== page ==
This weekend marks the 45th anniversary of the Stonewall Riots, the birth of the modern LGBT rights movement. As we celebrate the court victories for marriage equality, the demise of ‘Don’t-Ask-Don’t-Tell’ and the growing visibility of our community in all spheres of public life, we also reflect on those who have been left behind: queer urban youth, immigrants, and those threatened with prosecution or deportation because of their HIV status.
And today, just two days before the New York City celebration of LGBT Pride, National HIV Testing Day reminds us that the epidemic that devastated our community is far from over. Truly effective treatments have completely changed what it means to be living with HIV, but thousands don’t have access to them or to health care providers that can provide care without judgment. Testing positive is hardly a death sentence, but it can be a prison sentence in many of the thirty-two states that still have laws making HIV positive status a potential crime, criminalizing consensual sex and behaviors that pose no threat of HIV transmission.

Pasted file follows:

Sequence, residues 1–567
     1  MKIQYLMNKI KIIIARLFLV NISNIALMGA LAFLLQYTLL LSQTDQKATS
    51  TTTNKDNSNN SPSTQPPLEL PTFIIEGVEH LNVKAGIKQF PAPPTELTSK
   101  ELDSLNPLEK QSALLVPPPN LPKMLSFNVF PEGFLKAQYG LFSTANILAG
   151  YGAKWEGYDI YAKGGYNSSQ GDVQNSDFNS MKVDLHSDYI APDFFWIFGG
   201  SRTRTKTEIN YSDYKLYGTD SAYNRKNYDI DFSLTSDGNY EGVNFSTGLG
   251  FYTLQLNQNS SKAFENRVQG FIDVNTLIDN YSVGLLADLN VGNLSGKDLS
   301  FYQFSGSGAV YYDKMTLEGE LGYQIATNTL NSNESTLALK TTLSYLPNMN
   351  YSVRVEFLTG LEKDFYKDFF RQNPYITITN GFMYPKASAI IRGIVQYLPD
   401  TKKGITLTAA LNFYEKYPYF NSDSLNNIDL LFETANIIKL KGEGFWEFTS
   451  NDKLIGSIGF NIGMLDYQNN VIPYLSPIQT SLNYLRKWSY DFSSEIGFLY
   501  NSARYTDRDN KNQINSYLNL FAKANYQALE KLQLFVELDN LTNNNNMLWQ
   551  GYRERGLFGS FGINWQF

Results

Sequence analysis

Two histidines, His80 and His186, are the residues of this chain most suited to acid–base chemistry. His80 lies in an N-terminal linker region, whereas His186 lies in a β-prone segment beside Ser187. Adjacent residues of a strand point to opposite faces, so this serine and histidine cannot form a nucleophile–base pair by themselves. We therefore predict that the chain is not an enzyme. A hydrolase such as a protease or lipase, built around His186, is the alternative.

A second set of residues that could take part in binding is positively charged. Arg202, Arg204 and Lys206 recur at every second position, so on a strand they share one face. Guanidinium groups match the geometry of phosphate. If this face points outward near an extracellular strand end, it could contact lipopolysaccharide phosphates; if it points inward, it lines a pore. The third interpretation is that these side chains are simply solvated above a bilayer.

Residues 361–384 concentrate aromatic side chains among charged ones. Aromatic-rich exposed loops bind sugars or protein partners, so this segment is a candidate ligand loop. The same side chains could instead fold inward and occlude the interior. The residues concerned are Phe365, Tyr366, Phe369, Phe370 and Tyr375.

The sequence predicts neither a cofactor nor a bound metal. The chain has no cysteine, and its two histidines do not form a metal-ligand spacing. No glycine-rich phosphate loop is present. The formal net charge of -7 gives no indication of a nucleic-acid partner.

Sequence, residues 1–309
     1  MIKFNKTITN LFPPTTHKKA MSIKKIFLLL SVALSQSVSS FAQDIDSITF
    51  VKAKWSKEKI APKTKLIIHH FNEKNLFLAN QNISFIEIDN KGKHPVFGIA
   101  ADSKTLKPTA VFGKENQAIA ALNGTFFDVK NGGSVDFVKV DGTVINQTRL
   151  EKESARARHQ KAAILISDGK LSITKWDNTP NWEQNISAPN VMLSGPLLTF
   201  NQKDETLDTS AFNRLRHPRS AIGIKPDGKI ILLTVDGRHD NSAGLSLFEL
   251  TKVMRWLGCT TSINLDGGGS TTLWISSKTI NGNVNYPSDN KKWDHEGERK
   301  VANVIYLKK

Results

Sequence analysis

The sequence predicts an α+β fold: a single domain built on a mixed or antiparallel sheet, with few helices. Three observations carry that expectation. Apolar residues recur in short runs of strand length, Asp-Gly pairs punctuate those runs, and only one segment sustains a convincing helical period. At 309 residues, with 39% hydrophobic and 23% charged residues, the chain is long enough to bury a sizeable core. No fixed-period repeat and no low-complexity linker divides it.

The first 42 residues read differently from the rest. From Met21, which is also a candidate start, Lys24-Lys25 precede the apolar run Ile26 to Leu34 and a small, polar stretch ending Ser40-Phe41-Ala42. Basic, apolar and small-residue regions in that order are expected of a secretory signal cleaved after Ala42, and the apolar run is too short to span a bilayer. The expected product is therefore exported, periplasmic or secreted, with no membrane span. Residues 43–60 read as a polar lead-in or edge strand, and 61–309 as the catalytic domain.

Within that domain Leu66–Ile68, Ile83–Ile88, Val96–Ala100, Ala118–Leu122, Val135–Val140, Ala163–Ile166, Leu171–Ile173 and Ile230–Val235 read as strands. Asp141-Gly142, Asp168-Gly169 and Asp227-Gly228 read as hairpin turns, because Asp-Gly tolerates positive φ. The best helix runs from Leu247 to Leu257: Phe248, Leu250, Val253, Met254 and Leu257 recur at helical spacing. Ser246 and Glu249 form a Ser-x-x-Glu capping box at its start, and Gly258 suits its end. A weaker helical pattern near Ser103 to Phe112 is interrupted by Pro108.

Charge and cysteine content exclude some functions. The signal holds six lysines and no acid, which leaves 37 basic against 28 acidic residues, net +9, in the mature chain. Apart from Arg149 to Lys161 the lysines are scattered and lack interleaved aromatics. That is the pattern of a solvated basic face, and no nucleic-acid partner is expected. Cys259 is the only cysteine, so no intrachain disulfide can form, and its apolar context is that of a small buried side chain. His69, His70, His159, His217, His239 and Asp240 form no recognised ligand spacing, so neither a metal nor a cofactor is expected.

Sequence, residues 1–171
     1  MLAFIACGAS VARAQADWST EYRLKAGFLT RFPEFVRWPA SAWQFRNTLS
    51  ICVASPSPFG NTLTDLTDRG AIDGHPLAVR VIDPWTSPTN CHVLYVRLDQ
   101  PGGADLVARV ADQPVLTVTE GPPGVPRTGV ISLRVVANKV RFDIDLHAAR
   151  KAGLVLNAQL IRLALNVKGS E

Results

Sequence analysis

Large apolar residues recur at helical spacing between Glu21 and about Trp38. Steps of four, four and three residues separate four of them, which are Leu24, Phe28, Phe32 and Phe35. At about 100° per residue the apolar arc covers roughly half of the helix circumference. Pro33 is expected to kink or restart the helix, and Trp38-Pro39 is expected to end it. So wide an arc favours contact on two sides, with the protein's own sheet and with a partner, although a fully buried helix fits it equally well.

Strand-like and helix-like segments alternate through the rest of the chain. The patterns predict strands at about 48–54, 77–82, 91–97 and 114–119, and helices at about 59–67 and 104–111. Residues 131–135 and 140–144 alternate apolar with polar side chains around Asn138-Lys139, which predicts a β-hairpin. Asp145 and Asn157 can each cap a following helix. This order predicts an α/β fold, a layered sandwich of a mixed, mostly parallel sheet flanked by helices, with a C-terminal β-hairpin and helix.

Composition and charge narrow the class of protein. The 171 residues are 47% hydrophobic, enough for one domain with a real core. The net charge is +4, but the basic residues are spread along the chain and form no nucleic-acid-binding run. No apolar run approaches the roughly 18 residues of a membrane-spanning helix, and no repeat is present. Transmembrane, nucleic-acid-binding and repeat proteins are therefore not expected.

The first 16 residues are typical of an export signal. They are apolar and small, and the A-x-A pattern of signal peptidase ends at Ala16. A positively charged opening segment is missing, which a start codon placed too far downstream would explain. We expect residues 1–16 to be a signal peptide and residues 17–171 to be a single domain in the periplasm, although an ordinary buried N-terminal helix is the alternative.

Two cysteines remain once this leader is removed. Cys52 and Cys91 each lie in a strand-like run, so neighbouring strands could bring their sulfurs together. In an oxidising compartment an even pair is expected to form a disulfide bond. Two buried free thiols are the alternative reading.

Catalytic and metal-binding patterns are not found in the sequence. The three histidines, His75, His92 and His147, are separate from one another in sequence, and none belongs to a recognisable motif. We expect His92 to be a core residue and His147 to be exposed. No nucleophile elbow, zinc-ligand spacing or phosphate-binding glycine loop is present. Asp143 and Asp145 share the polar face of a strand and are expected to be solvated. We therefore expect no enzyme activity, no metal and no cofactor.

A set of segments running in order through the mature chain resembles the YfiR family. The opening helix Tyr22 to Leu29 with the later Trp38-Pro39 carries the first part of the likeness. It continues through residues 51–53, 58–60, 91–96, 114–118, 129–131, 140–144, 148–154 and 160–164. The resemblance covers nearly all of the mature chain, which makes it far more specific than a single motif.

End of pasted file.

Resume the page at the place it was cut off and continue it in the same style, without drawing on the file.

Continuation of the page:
When we encourage people to get tested we must ask ourselves what we are doing to protect them from the stigma and the threat of prosecution or deportation they may face. There is no such thing as an innocent bystander when we still have so many laws that unjustly target our community.
So celebrate Pride by taking action. Sign on to the Positive Justice Project National Consensus Statement on HIV Criminalization and join the PJP State Advocacy Working Group for your state.
Getting rid of laws that can make HIV status a felony would be something we all could celebrate with pride.